by Jason In

How to crack the Hackathon

Using these strategies, you might even win…


I believe that many people have heard of the word — Hackathon. But what the heck is it?

What is a Hackathon?

A hackathon (also known as a hack day, hackfest or codefest) is a design sprint-like event in which computer programmers and others involved in software development, including graphic designers, interface designers, project managers, and others, often including domain experts, collaborate intensively on software projects. — Wikipedia

In layperson’s terms, a hackathon is usually a 24~72 hour long event. The organizer will provide some challenges, and the participants will form teams and try to come up with their best ideas/solutions.

Eventually, the team(s) who presented the best ideas/solutions will get to win some cool prizes. Prizes can be cash or some gadgets. The agenda usually goes like this:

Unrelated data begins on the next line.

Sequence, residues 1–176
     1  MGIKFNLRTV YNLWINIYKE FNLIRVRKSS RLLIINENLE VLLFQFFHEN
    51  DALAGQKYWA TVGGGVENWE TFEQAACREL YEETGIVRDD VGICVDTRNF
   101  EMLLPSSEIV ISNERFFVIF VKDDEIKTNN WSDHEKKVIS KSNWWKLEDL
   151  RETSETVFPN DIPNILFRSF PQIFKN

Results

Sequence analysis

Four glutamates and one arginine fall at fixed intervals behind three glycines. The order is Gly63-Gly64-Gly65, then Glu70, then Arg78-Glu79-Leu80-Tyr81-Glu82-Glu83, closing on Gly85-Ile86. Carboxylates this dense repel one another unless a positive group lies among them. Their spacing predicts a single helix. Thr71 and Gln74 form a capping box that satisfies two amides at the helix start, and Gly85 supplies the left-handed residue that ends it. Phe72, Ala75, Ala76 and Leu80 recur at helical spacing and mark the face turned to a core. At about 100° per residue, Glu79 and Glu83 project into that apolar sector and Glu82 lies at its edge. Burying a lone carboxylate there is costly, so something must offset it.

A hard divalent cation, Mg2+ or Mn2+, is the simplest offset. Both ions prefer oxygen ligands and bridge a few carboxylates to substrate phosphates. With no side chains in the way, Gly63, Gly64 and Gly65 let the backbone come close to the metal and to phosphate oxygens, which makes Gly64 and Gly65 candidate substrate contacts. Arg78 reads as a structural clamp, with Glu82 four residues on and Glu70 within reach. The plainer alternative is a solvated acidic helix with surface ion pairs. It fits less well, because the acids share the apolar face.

1. Registration
  2. Introduction
  3. Team Formation
  4. Start Hacking
  5. Snacking (foods, snacks, midnight snacks, pizza…)
  6. Hacking Ends
  7. Presentations/Pitches & Judging
  8. Winner Announced

Let’s begin our journey and learn how we can crack the hackathon!


1. Unity is strength

To win the hackathon, you have to form your dream team. The first thing to do when you get to a hackathon is to form a team. You will be forming a team with random people, and ideally, a 3~5 person team is good.

Often, you will find that people there are equipped with different expertise. Don’t be afraid if you can’t code because that is absolutely fine.

Your mission is to find these 3 types of people and ask them to join your team (would be great if you yourself are one of these 3 as well):

  1. The Coder — You will need at least one person who can code. Someone with front-end or mobile development experience is even better. If your team doesn’t have a single person who can code, go find one.
  2. The Presenter a.k.a. The Salesperson — If you are very confident in building a great product, good to hear that. Though, if you can’t sell it to the audience, I’m sorry to tell you that no matter how great your idea is, you will most likely fail. Someone who can present well is very important here. I would even say that sometimes the presenter is even more important than the coder.